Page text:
We have the confidence to undergo scrutiny by any technical committee and prove to the people that all the allegations related to health concerns were done with mala fide intentions.

The exemption from environmental clearance in the SIPCOT facility is alleged to have been a case of gross favouritism?

Any industrial/land policy applies that to Sterlite will also apply to other industries in the state or the country. It is worth noting that Sterlite Copper has been subject to various stringent regulations like zero liquid discharge wherein not a single drop of waste water can be let out of the company premises whereas various other industries are allowed to let out their effluents. So it is baseless to state that Sterlite was in receipt of gross favaouritism.

Natives there say the effluents are causing cancer and other diseases?

We follow stringent environment norms. We have enough data and research reports to prove that none of the allegations are true. We are also open to scrutiny by any independent technical committee either from India or from any part of the world to prove that Sterlite Copper is among the best smelters in the world with world class environmental practices.

Vedanta is committed to sustainable operations across all business units. The company holds strong values and abides by every rule and regulation laid out by authorities while developing our assets. We sincerely follow zero harm, zero discharge and zero waste policy across units.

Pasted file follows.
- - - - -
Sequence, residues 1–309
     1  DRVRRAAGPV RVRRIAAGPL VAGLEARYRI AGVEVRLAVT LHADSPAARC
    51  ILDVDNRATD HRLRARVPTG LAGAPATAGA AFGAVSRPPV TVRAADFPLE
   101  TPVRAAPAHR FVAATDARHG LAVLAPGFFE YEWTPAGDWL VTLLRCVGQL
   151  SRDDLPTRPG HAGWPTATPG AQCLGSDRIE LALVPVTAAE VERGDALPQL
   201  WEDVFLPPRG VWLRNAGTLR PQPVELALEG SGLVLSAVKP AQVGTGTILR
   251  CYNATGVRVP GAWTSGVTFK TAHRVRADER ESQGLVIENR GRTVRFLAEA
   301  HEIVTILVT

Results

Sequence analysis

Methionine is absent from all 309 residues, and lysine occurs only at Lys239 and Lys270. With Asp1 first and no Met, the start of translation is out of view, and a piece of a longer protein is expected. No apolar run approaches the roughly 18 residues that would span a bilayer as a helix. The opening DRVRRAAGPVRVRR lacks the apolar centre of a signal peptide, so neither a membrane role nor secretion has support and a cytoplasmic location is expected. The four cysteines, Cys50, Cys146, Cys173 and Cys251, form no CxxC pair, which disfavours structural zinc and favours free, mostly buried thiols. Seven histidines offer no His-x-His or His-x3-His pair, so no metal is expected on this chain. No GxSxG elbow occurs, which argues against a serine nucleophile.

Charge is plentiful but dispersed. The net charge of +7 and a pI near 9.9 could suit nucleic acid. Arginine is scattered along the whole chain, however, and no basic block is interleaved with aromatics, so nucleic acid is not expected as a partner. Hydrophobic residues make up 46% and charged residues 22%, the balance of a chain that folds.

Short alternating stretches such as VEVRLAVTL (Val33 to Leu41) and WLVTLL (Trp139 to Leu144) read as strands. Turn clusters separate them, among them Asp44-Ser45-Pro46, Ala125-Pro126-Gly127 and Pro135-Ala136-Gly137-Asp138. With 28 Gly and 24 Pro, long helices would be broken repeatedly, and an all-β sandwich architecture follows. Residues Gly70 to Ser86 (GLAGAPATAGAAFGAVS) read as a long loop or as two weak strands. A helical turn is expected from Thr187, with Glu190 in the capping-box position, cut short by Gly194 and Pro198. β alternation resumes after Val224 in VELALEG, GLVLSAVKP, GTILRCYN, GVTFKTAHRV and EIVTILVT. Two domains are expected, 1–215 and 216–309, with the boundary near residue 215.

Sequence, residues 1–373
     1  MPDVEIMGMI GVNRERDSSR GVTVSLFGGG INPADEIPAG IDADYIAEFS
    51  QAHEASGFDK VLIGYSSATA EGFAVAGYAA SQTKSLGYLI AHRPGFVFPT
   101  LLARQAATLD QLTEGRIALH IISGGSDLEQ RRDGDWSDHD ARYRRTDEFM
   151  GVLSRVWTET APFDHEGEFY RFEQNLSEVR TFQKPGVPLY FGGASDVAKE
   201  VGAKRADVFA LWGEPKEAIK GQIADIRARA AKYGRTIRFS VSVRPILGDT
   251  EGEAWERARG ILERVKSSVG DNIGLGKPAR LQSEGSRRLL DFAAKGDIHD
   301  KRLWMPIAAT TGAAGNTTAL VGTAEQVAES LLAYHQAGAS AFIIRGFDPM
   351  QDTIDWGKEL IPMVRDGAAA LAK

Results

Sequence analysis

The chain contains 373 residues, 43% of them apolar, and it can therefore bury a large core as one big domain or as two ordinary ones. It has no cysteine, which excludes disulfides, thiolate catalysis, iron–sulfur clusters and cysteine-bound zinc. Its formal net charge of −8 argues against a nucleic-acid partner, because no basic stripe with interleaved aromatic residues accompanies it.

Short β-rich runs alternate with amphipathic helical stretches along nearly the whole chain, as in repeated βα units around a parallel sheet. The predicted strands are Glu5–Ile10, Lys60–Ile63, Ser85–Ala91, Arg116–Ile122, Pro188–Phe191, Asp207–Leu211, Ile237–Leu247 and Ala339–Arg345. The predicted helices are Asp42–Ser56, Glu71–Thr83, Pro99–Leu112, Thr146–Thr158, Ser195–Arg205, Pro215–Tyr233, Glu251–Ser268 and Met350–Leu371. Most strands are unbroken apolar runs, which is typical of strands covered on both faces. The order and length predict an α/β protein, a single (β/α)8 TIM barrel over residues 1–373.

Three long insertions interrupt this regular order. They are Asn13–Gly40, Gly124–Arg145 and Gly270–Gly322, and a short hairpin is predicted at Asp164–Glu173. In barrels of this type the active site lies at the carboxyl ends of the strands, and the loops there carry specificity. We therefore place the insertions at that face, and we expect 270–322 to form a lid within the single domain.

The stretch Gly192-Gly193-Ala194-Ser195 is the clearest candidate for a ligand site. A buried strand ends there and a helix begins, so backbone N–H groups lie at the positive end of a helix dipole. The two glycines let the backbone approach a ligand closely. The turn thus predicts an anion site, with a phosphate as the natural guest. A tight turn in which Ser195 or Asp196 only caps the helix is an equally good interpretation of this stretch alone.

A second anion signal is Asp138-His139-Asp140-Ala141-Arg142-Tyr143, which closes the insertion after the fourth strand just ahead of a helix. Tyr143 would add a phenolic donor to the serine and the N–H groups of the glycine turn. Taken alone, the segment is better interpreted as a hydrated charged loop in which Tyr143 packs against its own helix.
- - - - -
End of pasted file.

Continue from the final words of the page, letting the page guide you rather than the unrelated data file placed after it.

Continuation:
The protests against Sterlite Copper have taken a political hue. What do you think is fueling this?

We have strong reason to believe that the current protests are being orchestrated by anti-developmental activists.

Vedanta and Sterlite have faced similar protests from environmentalists in Niyamgiri as well as in Goa. How are these any different? And is there any correlation between these?

We are the only resources (mining) company in India. Secondly, we are the only company listed there and listed outside (LSE). And we have been openly championing about our country's natural resources and not depend on imported coal, or iron ore, copper, crude oil.

In the past too, other companies such as Tata, Maruti, Hindalco etc have faced such events. Unfortunately, misinformation spread by vested interests gets taken on the face value by the public at large, leading to such incidents. But it becomes dangerous when anti-social elements masquerade as activists.